What I’ve seen often and what really needs to be addressed is how people on the left react to accusations that their friends and/or allies are doing things that are antisemitic. They’re quick to assert “conspiracies from the right (or relative right in the case of the Labour antisemitism issue),” “crying wolf,” “privilege (white Jews don’t have Jewish privilege and white privilege and experiencing antisemitism are not mutually exclusive),” and, of course, “Zionism.”
The problem here is in suppositions. Because someone is on the left, they assume everyone there is anti-racist and, by extension, against all forms of racism including antisemitism. But the thing is, it’s not that simple. This is why it’s so galling for Jews to hear Jeremy Corbyn say that he’s against “antisemitism and other types of racism” when we’re not questioning him on his commitment to fight other forms of racism. All racisms function in different manners with different stereotypes and different forms of marginalization. You can’t be “antiracist” and not understand that. You can’t be against “antisemitism” in principle and not in action. It’s the inaction that’s become very frustrating from a Jewish perspective. It’s the routine acceptance and denial of antisemitism on the left that is the problem, not whether Cobyn himself believes in antisemitic conspiracy theories or hates Jews qua Jews.
Take the situation at Oberlin College where various members of the faculty and student body have lined up to defend a professor who spreads antisemitic conspiracy theories on public social media while also teaching “social justice writing” classes. I have no doubt that the professor is antiracist in many areas, but she is an antisemite. She has not apologized, claimed that she is not antisemitic despite piles of evidence that she is, and people have acted angrily to the notion that she should even apologize. The anger at this point isn’t so much at the professor in question but at those who are lining up to defend her for her unrepentant actions, as if antisemitism is to be tolerated because the antisemitic speaker in question is valuable in other parts of the social justice fight.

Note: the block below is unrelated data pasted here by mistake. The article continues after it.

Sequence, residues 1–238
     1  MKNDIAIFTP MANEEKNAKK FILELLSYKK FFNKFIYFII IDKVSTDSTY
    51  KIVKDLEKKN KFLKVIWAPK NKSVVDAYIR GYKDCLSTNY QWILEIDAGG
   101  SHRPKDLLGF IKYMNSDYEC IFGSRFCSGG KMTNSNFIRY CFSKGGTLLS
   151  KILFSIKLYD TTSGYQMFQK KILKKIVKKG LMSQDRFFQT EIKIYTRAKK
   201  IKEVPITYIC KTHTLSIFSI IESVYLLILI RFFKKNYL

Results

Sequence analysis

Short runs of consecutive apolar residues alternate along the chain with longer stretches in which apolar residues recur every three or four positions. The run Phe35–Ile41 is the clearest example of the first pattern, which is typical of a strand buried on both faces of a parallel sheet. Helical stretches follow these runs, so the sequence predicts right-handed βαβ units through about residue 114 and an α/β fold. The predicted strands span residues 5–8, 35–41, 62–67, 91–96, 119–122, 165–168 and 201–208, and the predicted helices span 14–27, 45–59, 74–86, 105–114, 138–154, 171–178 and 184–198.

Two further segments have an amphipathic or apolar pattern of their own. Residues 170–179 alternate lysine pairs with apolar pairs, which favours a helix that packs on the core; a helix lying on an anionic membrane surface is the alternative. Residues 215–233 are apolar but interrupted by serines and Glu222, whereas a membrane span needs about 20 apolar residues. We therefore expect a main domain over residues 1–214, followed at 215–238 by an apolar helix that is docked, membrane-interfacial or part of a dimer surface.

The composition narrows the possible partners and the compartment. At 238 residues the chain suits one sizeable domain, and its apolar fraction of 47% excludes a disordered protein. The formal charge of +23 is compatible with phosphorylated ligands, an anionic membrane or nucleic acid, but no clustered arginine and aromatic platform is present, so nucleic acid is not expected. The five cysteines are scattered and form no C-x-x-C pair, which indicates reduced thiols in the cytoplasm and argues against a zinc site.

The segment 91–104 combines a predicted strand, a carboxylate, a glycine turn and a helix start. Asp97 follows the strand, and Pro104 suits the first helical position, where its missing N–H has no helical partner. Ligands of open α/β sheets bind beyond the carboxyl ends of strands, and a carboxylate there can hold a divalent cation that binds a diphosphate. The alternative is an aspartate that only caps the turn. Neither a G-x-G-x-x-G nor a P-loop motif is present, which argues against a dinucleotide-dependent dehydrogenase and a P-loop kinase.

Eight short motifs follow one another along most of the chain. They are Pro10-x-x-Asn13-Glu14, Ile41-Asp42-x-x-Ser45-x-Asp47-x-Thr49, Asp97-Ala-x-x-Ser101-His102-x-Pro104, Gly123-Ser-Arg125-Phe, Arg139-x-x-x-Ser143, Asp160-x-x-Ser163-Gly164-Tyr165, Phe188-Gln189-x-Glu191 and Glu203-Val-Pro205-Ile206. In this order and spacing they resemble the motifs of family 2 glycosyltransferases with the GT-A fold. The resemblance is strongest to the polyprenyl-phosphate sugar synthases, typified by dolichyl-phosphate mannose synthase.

The problem here is ultimately that a lot of people on the left believe that the fight against antisemitism no longer holds value or that, by virtue of Jews being “privileged” or “white” or Israel’s oppression of Palestinians they have somehow come to the belief that antisemitism is either no longer a problem or is no longer worth fighting. Tacit acceptance of antisemitic allies is bad enough, but defending them at the risk of normalizing their views is quite simply aiding in the spread and growth of antisemitism.
But we have reached a point where accusations of antisemitism are treated as more offensive than actual antisemitism and that means that Jews on the left will either need to start swallowing their bile and put up with the antisemitism or leave. It’s difficult to put your whole self into a movement that tells you that it won’t watch your back when you’re threatened no matter how much you want to support it.